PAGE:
Sunday was good; I had just attended a friend’s wedding. The day was even better since I got to meet my school mates Rony and Dony, as well as some of my old school teachers. As I came back and crashed off on bed that night, I was looking forward to the coming weekend, when I would be travelling to Hyderabad for a conference I was long awaiting. But it all went wrong the following morning.
I found myself unusually lazy starting off the new week. Was running late preparing an assignment I had pending and quickly got ready for work skipping some of the chores in store. I reached the department and read the duty roster for the week. My eyes lit up when I noticed the seniors posted with me..not only do I enjoy working with the lot, I learn A LOT as well.
As I was going through the motions in the morning, I sat on a swivelling chair writing an ultrasound (USG) report my Sir just dictated to me. He followed this up with asking me to ‘do the next scan’. As I tried to get up from the chair to obey his orders, I felt an excruciating pain rise up from my right knee, the feeling so intense that it literally left me gasping for breath. In the exact same rapid motion with which I tried to stand up, I fell back languidly onto the chair and I immediately had that strange gut feeling.. “Oh no, this is so not good”.
My heart was racing, I tried to regroup myself. I started fidgeting with both my hands, trying to physically unlock my knee by subtle manipulations; but none worked out. At times like this, I hate the fact that I belong to this profession, I knew immediately I was in deep deep trouble!
As time wore on, I was wheeled from one department to another to find a conclusive opinion on what needs to be done, but the 2 words from my HOD (Head of Department) made the decision making easy, “It is a really bad tear, if you go in for surgery now, they might just be able to fix it!” I felt like I was sinking, with water filling into my lungs, running out of oxygen to breathe, I knew that due to one God forsaken moment, what I planned for weeks was going into a puff of smoke. I mustered some courage, tried to put a straight face as I met one familiar face after another as I left my department. The incessant queries: ‘What happened?’, ‘OMG’, ‘Why did you go to play?’, ‘Couldn’t you take more care?’ kept coming, but my mind was fixating onto only one thought..how my plans were shattered by that one God forsaken moment..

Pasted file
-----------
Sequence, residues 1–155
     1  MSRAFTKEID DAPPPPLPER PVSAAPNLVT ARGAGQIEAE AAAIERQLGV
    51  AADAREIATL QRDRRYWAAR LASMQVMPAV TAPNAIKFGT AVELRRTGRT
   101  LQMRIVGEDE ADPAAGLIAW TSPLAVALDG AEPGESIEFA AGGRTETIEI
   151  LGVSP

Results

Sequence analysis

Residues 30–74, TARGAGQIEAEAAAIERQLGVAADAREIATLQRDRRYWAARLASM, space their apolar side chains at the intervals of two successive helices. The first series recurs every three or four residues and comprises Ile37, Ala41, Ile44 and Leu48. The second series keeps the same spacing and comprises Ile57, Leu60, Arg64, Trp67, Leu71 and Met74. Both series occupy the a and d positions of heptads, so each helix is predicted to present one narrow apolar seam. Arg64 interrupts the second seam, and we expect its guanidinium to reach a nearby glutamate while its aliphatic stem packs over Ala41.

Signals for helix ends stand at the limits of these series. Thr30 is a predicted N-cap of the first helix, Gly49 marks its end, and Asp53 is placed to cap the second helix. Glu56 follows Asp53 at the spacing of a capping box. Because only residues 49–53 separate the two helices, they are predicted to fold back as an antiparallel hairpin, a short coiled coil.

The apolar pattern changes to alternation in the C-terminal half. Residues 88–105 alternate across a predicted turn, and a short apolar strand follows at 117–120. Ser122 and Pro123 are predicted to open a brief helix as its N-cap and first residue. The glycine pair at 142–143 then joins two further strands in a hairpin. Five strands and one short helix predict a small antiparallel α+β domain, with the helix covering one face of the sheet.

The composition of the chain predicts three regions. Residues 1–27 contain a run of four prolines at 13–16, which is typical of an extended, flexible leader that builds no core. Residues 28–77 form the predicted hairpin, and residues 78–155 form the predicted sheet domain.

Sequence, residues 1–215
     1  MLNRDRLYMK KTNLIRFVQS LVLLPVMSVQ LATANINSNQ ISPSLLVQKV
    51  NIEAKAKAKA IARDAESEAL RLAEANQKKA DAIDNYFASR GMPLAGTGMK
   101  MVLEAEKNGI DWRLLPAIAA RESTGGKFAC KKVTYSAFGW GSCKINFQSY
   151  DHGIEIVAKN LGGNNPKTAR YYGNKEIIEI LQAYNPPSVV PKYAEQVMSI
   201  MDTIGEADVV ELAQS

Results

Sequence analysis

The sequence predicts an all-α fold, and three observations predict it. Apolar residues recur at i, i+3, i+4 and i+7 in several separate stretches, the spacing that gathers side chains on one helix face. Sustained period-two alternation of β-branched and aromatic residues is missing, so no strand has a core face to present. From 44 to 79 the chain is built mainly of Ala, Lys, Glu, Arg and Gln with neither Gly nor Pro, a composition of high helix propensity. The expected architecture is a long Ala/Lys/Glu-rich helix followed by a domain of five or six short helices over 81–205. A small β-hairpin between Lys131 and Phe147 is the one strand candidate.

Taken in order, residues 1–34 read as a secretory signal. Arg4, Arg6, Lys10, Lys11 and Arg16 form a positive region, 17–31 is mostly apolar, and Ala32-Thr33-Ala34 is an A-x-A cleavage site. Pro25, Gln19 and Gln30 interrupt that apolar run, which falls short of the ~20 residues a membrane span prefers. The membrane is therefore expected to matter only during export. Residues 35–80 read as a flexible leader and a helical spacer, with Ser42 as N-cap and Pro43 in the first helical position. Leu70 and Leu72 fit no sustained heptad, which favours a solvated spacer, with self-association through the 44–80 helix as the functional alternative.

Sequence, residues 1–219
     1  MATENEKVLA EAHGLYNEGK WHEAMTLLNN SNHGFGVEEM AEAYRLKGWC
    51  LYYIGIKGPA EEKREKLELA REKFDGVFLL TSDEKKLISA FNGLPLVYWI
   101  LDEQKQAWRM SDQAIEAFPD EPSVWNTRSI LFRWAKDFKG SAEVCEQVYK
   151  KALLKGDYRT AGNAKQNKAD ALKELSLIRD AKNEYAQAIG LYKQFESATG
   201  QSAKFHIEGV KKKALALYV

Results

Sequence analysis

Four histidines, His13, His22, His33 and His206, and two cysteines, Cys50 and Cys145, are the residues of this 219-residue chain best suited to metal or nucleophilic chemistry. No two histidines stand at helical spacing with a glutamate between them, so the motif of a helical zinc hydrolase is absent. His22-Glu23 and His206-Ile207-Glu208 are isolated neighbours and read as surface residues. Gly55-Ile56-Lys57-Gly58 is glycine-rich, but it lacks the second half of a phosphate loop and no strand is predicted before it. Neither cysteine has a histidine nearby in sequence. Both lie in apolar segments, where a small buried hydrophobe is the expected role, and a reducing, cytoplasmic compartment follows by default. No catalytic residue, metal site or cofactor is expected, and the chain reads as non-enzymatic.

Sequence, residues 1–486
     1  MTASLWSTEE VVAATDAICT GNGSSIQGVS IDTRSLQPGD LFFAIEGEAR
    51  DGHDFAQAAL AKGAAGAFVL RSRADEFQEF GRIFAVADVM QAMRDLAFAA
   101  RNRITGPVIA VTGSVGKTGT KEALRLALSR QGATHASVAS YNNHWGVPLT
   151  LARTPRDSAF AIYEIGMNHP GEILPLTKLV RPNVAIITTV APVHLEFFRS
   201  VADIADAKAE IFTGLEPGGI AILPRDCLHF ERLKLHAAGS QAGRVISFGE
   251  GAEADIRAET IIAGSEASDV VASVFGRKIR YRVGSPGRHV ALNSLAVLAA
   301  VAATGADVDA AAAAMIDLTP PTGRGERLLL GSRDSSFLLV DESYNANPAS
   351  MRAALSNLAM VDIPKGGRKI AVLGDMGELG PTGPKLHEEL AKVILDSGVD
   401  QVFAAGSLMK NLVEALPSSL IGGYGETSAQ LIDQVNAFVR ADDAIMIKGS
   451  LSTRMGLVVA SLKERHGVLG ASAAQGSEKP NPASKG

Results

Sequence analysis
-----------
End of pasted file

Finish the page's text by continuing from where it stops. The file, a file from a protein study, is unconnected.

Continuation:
My consulting doctor scheduled me as the 3rd case for the following day. Having done my internship in Orthopaedics from Manipal’s Arthroscopy unit, I knew what the surgical management would be. My friends and colleagues frantically ran around to help me get admitted. My pre anaesthetic investigations were well within normal limits bar the elevated blood pressure, likely from the pain.. which subsided as soon as I was on a pain killer. This experience was a first, and surely a least expected one.
I was kept NPO (0 oral feeds) from midnight and shifted to the OT complex (Operation Theatre). For long I have been at the other end wheeling patients in and out, but here I was instead lying on a trolley, watching the overhead corridor ceiling lights flash past as I headed to the OT complex. As I was wheeled into OR-8, I shifted myself onto the operating bed. The anaesthetists took over, cannulating me and preparing me for a spinal anaesthesia. I could hear the senior anaesthetist guide the junior as she informed and prodded me with the LP (lumbar puncture) needle. As soon as she injected, I could begin to feel a numbness slowly setting in right from my lower abdomen down to my legs. Slowly my sensations were limited to vague limb movements and I spent rest of the 2.5 hrs of the operation watching the scopy live on the screen. I was surprised at the amount of damage I had inflicted on my meniscus but glad I had decided to act on it immediately and that I was in the safe hands of a doctor well versed in his expertise. In the two odd hrs of lower limb numbness, I experienced what it felt to not be able to moves one’s own legs.
Being an athlete, I always had a low heart rate; and somewhere down the line during the operation, I dozed off. The anesthetist quickly woke me and indulged in a conversation as she was beginning to worry when my baseline HR dropped to 40/min while asleep! Talking to a her ensured my HR returned to normal 55 plus :D.
The 5 hour post op ICU experience was more eventful. With the spinal anaesthesia still acting, I had no voluntary control over my bladder, so I had to physically palpate for bladder fullness on and off and apply suprapubic pressure to avoid being catheterized! The attending nurse was young, attractive and seemed somewhat familiar (?deja-vu) in my post op drowsy state. She ensured that my short stay in the ICU was as comfortable as possible and I am thankful for that.
The whole surgical experience was totally unplanned and out of the blue, though I still don’t enjoy the irony of the timing of it at all. That one God forsaken moment..
Radiologist l Cyclist l Blogger